John Yau is a poet, fiction writer, art critic, publisher of Black Square Editions, and freelance curator. He is known for his attentiveness to visual culture and linguistic surface in his work. In poems that frequently pun, trope, and play with the English language, Yau offers complicated, sometimes competing versions of the legacy of his dual heritages—as Chinese, American, poet, and artist.
Yau's work frequently explores and exploits the boundaries between poetry and prose; his collections of stories and prose poetry include Hawaiian Cowboys (1994), My Symptoms (1998), and Forbidden Entries (1996). Yau's many collections of poetry include Corpse and Mirror (1983), Edificio Sayonara (1992), Forbidden Entries (1996), and Borrowed Love Poems (2002). After receiving his 2002 Grants to Artists award, Yau released Ing Grish (2005), Paradiso Diaspora (2006), Exhibits (2010), and Further Adventures in Monochrome (2012).
Yau is also an active art critic, writing works such as A Thing Among Things: The Art of Jasper Johns (2008). His reviews have appeared in Artforum, Art in America, Art News, Bookforum, and the Los Angeles Times. He was the Arts Editor for the Brooklyn Rail from 2006 to 2011. In January 2012, he started the online magazine Hyperallergic Weekend with three other writers. In 2010, he helped organize Oil and Water for Stephen Harvey Fine Art Projects and in 2012 he organized Broken/Window/Plane for Tracy Williams in New York City. His collaborations with visual artists have been exhibited in The Museum of Modern Art, the Bonn Kunstmuseum in Germany, and the Queensland Art Gallery in South Brisbane, Australia.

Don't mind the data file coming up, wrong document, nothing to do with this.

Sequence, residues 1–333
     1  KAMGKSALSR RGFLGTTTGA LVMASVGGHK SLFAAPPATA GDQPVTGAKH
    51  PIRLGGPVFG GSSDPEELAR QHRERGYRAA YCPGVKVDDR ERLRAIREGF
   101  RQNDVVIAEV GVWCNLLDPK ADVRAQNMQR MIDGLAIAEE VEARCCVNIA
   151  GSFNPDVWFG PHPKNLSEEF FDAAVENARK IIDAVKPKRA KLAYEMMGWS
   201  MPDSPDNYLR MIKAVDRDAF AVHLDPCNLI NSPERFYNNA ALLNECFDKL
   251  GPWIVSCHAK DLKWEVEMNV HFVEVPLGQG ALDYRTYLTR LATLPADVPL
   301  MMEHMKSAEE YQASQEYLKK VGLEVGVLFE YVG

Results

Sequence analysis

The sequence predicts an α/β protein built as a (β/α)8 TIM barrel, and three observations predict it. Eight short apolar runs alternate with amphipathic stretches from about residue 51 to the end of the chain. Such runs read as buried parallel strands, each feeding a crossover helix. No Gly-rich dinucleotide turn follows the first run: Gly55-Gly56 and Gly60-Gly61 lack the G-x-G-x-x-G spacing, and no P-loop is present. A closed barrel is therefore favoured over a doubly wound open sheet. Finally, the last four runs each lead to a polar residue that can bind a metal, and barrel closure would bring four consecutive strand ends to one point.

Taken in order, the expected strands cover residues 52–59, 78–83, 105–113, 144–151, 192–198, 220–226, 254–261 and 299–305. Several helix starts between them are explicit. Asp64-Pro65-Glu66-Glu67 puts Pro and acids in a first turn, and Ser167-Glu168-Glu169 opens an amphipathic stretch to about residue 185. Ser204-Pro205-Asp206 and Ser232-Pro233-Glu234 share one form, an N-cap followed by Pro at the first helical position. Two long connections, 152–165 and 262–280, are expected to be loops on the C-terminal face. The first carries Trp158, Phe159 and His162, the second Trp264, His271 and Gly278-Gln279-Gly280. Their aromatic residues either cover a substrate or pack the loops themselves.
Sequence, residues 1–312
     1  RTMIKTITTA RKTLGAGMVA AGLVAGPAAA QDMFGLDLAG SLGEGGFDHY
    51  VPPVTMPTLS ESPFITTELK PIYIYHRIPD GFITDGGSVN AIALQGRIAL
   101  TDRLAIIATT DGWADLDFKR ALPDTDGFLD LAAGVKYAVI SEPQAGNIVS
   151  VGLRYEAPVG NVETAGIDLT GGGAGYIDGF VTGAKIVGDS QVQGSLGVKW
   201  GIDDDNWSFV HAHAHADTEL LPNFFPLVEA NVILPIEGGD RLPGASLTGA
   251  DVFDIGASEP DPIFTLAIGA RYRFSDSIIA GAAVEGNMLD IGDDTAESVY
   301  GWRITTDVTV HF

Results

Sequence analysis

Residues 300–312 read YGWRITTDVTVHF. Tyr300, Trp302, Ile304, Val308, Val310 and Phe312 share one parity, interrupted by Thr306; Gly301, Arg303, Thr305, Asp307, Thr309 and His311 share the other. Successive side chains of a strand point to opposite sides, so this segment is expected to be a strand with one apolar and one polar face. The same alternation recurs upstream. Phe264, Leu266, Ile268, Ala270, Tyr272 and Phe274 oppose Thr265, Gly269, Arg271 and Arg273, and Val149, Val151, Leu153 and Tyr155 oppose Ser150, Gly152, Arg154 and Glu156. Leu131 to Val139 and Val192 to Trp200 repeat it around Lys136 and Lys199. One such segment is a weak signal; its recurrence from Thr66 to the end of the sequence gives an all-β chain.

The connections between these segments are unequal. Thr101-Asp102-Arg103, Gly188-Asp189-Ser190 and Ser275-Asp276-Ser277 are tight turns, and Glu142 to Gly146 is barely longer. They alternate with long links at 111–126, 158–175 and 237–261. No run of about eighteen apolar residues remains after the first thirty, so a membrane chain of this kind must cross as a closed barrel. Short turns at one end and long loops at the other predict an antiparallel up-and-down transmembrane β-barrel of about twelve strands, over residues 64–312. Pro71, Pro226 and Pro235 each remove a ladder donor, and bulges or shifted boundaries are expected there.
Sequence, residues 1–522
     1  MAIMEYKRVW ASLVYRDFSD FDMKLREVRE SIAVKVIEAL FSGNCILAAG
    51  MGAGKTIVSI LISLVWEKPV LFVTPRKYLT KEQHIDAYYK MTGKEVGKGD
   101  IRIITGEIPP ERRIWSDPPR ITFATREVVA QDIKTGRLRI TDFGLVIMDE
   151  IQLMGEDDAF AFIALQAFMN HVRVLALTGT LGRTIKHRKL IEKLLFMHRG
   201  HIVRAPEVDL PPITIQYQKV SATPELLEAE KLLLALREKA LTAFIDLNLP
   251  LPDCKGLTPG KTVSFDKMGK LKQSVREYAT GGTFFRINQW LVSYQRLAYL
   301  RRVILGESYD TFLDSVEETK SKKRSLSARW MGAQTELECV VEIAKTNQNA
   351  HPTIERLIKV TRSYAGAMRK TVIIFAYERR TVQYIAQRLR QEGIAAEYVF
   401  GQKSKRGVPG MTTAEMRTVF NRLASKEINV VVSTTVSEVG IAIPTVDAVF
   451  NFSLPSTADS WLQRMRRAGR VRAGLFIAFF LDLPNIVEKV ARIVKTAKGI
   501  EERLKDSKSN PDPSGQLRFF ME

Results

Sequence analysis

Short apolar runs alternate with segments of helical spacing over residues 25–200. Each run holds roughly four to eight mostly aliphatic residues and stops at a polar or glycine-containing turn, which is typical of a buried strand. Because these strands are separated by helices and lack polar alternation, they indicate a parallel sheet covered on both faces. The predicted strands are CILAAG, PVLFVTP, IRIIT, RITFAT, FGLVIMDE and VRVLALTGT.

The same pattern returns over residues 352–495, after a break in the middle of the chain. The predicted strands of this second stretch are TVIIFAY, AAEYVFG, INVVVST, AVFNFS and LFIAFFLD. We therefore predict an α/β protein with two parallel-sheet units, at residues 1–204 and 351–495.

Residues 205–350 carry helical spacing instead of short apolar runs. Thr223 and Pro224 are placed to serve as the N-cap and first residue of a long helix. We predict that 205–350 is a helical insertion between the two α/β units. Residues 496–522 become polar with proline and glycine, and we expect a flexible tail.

Since receiving his 2002 FCPA grant, Yau was named a John Simon Guggenheim Memorial Foundation Fellow (2006) and was given a Creative Capital Literature grant (2006). Prior to his 2002 Grants to Artists award, Yau received a National Endowment for the Arts Fellowship (1977), Ingram Merrill Foundation Fellowships (1979-1980, 1985-1986), a General Electric Foundation Award (1987-1988), New York Foundation for the Arts Awards (1988, 1998), a Brendan Gill Award (1992), a Lavan Award from the Academy of American Poets, and a grant from the Peter S. Reed Foundation (2002). In 2002, Yau was named Chevalier of the Order of Arts and Letters by the French government.
Yau received his B.A. from Bard College in 1972 and his M.F.A. in Poetry from Brooklyn College in 1977. He was a distinguished visiting critic at the Pratt Institute Graduate School of Art, Maryland Institute College of Art and School of Visual Arts in the late 1980s. In 1992, he was a visiting poet at Brown University, and in 1994 and 1995 was a visiting professor at University of California, Berkeley. He was also the Ahmanson Curatorial Fellow at the Museum of Contemporary Art, Los Angeles. He is on faculty at the Mason Gross School of the Arts at Rutgers University.
I am currently working on three projects, a new book of poems, a book about painting, and a book of essays. All three engage me, and none of them is thought to be more perfect a form than any of the others.